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Is your chimney safe?

If you have a new home with a fireplace, or if you haven’t burned a fire in your fireplace for some time, you might have concerns about whether or not your chimney is safe to use. It’s wise to be cautious; an unsafe chimney could cause a damaging and dangerous house fire. So how can you tell if your chimney is safe?

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Schedule an inspection

The best way to tell if your chimney is safe to use is to have it swept and inspected by a chimney sweep who has been certified through the Chimney Safety Institute of America. A chimney sweep will clear your chimney of dangerous and flammable creosote, as well as of any obstructions, such as animal nests, trapped animals, and leaves and twigs. Your chimney sweep also will perform an inspection of your chimney to look for signs of damage or structural problems that could render your chimney unsafe. Chimney sweepings and inspections are so important to the safety of your chimney that the National Fire Protection Association recommends that all chimneys are swept and inspected at least once a year and when a home with a fireplace is purchased.

Check your chimney

While there are many chimney problems that only a certified chimney sweep will be able to detect, there are some visible signs that your chimney isn’t safe and needs to be repaired before you burn a fire.  Those signs include:

  • Cracked or spalling bricks, or crumbling mortar. If you see visible signs of damage to your chimney’s masonry, it should be inspected and repaired by a chimney professional. A chimney with failing masonry could be structurally unsound and could fail to contain the heat, sparks and noxious gases from your fireplace.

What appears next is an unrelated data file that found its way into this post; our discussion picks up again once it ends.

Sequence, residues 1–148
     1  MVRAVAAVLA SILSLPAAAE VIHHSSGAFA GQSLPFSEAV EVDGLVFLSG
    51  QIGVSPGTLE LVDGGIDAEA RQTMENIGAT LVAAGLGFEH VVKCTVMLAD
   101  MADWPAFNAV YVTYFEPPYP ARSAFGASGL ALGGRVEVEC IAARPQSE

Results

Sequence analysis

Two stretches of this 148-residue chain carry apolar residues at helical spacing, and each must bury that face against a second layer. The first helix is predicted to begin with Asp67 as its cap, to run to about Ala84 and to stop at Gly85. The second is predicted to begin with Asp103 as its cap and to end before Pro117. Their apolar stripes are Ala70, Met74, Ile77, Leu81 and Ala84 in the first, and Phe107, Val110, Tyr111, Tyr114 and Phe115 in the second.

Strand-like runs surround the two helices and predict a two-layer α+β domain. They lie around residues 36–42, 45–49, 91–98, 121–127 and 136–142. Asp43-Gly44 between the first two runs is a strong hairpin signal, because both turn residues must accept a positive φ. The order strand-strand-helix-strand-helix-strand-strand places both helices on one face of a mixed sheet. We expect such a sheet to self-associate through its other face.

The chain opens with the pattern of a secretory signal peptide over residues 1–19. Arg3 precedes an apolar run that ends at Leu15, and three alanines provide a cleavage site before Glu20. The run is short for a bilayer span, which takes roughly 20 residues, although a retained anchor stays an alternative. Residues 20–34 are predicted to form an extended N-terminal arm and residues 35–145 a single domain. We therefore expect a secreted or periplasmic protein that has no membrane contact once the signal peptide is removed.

• Leaning chimney structure. If your chimney appears to be leaning or tilting, that is a clear sign that there are structural problems.
  • Crumbling flue tiles. Most masonry chimneys are lined with clay flue tiles that can crack or crumble with age. If you find chunks of tiles in your firebox, you may need to repair or reline your chimney flue.
  • Rusted or stuck damper. Dampers are made from metal that can warp or stick over time. Your damper helps block drafts when your chimney isn’t in use. A damper that isn’t opening and closing properly can prevent your fireplace from drafting safely and correctly. You should be able to visually inspect your damper by peering into the fireplace and up the flue.
  •  Missing or displaced chimney cap. If your chimney cap isn’t securely attached to the top of your fireplace, or if it’s missing entirely, your chimney is at risk of water damage, and your roof could be susceptible to a fire from sparks escaping your chimney.
  •  Discolored or sagging ceilings, wallboard or wallpaper. If you see water stains, discoloration or sagging on the wall and ceiling around your chimney, that a clear sign that water is making its way in through the chimney. If water is making its way in, your chimney structure is in jeopardy.

If you’re concerned about the safety of your chimney, call to schedule an appointment with Chimney Saver Solutions today. One of our sweeps will be able to verify that your chimney is safe or recommend repairs to make it safe.